Objective. Investigate how accurately otolaryngologists could differentiate between images obtained with high-resolution microendoscopy (HRME) of ex vivo cholesteatoma specimens and surrounding middle ear epithelium. Study Design. HRME images of surgically resected cholesteatoma and middle ear epithelium were obtained and otolaryngologists classified these images. Setting. Tertiary medical center. Subjects and Methods. Resected cholesteatoma and middle ear epithelium were stained with a contrast agent, proflavine, and HRME images were captured. Specimens were sent for standard histopathology and compared with HRME images. Quality-controlled images were used to assemble a training set. After viewing training images, otolaryngologists without prior cholesteatoma HRME experience reviewed and classified test images. Results. Ten cholesteatoma and 9 middle ear specimens were collected, of which 17 representative cholesteatoma and 19 middle ear epithelium images were extracted for a testing set. Qualitative analysis for concordance between HRME images and histological images yielded a strong correlation between modalities. The mean accuracy of all reviewers in correctly identifying images was 95% (95% confidence interval [CI], 92%-98%). The sensitivity to correctly detect cholesteatoma images was 98% (95% CI, 93%-100%), and the specificity was 92% (95% CI, 87%-97%). The Fleiss kappa interrater reliability score was 0.83, (95% CI, 0.77- 0.89). Conclusions. Medical professionals can quickly be trained to accurately distinguish between HRME images of cholesteatoma and normal middle ear epithelium, both of which have distinct imaging characteristics. Real-time HRME optical imaging can potentially improve the results of otologic surgery by allowing for extirpation of cholesteatomas while eliminating residual disease.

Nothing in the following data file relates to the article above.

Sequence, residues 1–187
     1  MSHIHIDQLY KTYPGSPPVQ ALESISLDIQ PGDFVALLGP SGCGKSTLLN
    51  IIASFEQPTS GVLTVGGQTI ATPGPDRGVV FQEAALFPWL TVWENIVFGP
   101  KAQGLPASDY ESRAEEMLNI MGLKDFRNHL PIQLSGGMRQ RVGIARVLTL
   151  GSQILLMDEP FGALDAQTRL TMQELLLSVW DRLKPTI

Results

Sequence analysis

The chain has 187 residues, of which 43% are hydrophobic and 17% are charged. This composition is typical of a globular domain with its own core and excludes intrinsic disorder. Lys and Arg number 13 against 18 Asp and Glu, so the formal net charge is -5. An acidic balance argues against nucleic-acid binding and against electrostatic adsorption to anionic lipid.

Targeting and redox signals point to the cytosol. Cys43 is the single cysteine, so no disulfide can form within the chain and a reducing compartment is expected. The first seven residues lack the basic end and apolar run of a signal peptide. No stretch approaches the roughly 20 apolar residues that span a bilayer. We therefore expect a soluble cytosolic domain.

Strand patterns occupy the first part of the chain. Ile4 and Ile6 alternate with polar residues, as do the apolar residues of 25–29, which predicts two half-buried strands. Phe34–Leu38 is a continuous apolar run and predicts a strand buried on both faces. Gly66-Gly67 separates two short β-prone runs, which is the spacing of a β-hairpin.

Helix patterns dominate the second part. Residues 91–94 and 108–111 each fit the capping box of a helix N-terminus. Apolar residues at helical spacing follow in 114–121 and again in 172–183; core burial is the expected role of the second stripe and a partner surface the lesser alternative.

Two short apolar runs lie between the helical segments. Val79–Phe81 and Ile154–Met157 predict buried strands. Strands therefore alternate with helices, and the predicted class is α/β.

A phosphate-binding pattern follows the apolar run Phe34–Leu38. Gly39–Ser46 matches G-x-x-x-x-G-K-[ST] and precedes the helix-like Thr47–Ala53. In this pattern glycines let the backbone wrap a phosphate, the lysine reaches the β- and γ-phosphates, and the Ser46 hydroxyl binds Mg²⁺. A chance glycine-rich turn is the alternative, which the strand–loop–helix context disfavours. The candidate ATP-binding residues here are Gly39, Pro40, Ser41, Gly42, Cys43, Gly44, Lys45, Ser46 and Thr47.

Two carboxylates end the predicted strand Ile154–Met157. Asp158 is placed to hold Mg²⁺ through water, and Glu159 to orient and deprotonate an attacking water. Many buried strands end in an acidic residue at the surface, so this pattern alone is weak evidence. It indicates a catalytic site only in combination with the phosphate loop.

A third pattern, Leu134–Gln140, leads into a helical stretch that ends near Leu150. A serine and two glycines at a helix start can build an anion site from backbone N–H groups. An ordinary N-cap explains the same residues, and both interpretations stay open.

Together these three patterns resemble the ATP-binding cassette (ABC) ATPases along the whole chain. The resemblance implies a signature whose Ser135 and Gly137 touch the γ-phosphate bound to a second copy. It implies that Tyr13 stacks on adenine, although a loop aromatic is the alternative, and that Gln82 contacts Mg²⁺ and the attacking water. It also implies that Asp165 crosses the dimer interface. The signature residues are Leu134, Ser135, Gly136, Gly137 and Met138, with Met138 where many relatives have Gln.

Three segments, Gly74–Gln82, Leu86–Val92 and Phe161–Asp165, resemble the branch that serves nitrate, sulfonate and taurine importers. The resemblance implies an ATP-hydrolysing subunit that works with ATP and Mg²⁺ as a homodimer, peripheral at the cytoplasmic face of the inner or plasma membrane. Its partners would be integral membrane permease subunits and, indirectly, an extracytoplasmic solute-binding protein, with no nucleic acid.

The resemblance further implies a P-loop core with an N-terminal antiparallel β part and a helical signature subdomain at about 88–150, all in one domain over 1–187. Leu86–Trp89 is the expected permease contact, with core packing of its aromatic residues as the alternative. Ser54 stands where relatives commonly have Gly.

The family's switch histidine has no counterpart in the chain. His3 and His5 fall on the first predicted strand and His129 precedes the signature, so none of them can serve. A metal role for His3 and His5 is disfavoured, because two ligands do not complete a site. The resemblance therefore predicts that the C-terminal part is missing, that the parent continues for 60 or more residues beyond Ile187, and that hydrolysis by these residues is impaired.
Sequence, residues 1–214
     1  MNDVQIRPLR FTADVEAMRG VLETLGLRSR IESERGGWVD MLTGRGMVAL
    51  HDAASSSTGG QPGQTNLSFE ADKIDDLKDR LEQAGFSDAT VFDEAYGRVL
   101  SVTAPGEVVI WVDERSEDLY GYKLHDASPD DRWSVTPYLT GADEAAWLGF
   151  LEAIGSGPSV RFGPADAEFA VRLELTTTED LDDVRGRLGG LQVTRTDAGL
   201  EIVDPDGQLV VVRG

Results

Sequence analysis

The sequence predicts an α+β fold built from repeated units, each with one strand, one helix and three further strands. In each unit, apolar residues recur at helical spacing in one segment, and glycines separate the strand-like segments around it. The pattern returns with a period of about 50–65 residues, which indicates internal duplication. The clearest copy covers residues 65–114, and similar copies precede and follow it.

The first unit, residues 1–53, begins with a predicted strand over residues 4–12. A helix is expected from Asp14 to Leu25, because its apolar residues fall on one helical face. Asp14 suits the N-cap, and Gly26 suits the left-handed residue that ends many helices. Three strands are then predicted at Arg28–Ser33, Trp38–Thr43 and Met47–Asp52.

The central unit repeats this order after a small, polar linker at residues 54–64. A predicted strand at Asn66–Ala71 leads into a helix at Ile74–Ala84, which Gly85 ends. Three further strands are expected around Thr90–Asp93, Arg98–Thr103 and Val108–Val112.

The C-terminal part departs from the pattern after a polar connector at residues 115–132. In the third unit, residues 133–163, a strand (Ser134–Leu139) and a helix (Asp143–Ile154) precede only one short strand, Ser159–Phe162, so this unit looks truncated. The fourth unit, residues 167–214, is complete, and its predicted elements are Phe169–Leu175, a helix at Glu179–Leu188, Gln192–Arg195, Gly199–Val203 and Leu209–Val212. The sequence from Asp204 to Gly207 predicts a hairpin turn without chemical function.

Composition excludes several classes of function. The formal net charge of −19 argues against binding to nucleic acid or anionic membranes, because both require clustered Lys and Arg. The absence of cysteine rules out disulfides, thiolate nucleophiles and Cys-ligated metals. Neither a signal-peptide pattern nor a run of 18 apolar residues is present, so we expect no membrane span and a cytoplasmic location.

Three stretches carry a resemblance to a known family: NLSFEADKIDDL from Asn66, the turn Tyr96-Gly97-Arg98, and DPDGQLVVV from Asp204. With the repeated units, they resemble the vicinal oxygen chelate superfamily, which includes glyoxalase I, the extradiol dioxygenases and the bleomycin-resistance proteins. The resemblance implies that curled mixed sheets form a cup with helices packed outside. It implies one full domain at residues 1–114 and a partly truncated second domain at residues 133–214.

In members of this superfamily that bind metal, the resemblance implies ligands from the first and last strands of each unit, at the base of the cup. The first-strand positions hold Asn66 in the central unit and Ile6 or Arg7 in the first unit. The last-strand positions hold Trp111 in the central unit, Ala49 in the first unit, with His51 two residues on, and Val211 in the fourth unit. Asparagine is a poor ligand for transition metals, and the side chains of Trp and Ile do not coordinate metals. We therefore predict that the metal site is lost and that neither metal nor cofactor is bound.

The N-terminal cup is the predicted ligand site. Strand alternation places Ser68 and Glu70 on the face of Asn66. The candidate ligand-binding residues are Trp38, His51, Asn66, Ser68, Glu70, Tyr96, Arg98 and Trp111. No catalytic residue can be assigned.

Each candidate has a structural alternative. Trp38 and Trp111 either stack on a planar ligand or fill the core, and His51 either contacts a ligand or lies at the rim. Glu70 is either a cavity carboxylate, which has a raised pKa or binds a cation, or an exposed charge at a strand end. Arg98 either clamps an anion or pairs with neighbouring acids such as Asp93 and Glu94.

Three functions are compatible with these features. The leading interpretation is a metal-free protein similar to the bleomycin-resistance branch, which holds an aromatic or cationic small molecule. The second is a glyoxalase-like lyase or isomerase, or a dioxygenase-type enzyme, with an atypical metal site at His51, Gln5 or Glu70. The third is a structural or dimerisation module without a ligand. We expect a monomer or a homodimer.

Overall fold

- high-resolution microendoscope